Since Warner began raising money after the 2005 November election, Forward Together has raked in $8.2 million and contributed $860,500 to 108 candidates and political committees. He has hired several top Democratic political consultants, including longtime Democratic operative Monica Dixon, pollster Peter Hart and New Democrat political guru and speechwriter Kenneth Baer.
Warner is not the only (potential) 2008 candidate going out on the road supporting candidates across the country. Wes Clark has stumped for several congressional and gubernatorial candidates this year, raising money to help campaigns be more competitive and win this fall. Russ Feingold has been doing the same, as have Evan Bayh and a number of other leading Democrats.
This is the exact strategy possible 2008 campaigns should be taking today. The way to win the support of the grassroots is to not only show a willingness to go out and work for progressive Democrats across the country but also prove an ability to help win races -- particularly races that are being overlooked by many inside the Beltway.
The candidates who show the greatest commitment to seeing the Democratic Party retake both Houses of Congress this fall -- but also governorships and state legislatures from coast to coast -- will be the ones with the inside path to the supoprt of the Netroots and the grassroots in 2008. Win back Congressional seats and governor's mansions this year and there will be plenty of time to campaign for the White House in the following two years.Update [2006-7-12 15:29:47 by Jonathan Singer]:
KickinIt notes that John Edwards has also been raising a bundle of money for 2006 candidates -- to the tune of $6.5 million
by Jonathan Singer, Sat Jul 08, 2006 at 06:52:24 AM EDT
John Edwards of North Carolina hit the hustings in Iowa yesterday on behalf of a longshot US House candidate, and as the Associated Press reports, the former Senator hammered away at a very important issue.
John Edwards, a White House hopeful, focused on the problem of predatory lenders in his first swing through Iowa since a statewide poll gave his potential presidential campaign a boost.
"What we're doing is focusing on what can be done to stop predatory lenders and payday lenders from preying on our most vulnerable families," said Edwards, who called for new regulations for an industry in which annual interest rates for payday loans can soar to 300 percent to 400 percent.
For the past couple of months, I have become intimitely acquainted with the effort to begin regulating payday loan stores and predatory lenders in general. As a part of the state House campaign that I am managing in Oregon (Mike Caudle for State Rep), I have been working at both the local and the district level to reign in these companies, which in my state charge up to a 521 percent annual rate on short-term loans.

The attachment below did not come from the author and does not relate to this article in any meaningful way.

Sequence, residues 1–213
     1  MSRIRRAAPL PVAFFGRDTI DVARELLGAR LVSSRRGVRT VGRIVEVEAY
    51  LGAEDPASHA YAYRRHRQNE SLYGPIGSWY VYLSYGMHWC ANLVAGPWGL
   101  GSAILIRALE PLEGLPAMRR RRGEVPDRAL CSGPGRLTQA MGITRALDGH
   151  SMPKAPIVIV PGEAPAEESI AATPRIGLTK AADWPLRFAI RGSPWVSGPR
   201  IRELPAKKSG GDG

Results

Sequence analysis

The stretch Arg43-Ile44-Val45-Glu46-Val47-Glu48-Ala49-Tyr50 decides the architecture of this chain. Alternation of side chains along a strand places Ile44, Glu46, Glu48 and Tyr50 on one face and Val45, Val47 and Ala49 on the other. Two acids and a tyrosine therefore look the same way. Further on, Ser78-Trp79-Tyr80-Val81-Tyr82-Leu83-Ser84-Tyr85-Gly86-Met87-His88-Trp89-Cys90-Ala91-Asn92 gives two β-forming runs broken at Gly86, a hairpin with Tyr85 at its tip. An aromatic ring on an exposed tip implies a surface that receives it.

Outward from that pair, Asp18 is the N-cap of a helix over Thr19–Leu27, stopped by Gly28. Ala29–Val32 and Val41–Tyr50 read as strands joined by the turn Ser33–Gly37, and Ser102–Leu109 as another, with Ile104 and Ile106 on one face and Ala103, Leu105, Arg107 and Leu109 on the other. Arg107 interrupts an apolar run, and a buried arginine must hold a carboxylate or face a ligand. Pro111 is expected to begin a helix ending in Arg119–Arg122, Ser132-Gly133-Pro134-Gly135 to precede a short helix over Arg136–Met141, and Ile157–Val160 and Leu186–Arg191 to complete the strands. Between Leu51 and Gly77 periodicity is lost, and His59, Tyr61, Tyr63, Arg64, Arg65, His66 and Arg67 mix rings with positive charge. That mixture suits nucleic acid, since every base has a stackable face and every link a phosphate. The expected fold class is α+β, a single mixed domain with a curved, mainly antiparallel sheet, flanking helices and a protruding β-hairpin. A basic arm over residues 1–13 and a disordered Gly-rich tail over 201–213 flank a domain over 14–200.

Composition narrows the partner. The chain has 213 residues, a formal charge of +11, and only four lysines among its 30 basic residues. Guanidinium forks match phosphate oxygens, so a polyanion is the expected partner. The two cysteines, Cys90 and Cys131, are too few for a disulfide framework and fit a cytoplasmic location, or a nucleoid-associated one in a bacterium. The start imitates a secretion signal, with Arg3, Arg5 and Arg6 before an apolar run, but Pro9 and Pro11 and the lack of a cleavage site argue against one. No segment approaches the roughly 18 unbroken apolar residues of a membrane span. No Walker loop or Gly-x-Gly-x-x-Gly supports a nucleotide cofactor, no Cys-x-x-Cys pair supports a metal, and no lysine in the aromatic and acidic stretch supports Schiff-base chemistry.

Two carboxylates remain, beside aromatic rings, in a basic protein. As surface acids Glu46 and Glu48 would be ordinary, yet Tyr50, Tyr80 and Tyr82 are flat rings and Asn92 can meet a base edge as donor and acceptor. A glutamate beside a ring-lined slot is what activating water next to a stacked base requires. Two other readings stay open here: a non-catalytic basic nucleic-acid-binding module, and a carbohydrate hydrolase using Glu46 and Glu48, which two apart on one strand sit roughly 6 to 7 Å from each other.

Just to provide some perspective, a survey by the State of Oregon (.pdf, page 27) showed that 30 percent of payday loan consumers explain they take out the loan just to pay for groceries. Another 10 percent take out the loans to pay off other loans.
Not only is it good policy to reign in predatory lenders, it is good politics, too. There has been polling conducted on this issue, and while I can't get into the details of it, suffice it to say that the vast majority of voters -- and even the vast majority of Republican voters -- are in favor of capping the interest rates that predatory lenders charge.
But a surprising number of Republicans in Oregon, and no doubt across the country, are opposed to placing regulations on predatory lenders on grounds that free enterprise should be left free.
So when Democrats like John Edwards and Mike Caudle come out in favor of new regulations and Republican politicians announce their opposition on grounds of free enterprise, the Dems have a great wedge issue to drive in the middle of the GOP coalition. Speaking from experience on the ground, even faith voters -- especially faith voters -- are willing to defect from the Republicans over this issue.
So I really hope Senator Edwards continues to hammer away on this issue throughout his (possible) bid for the Democratic nomination. I certainly know that my campaign will for the next four months through election day.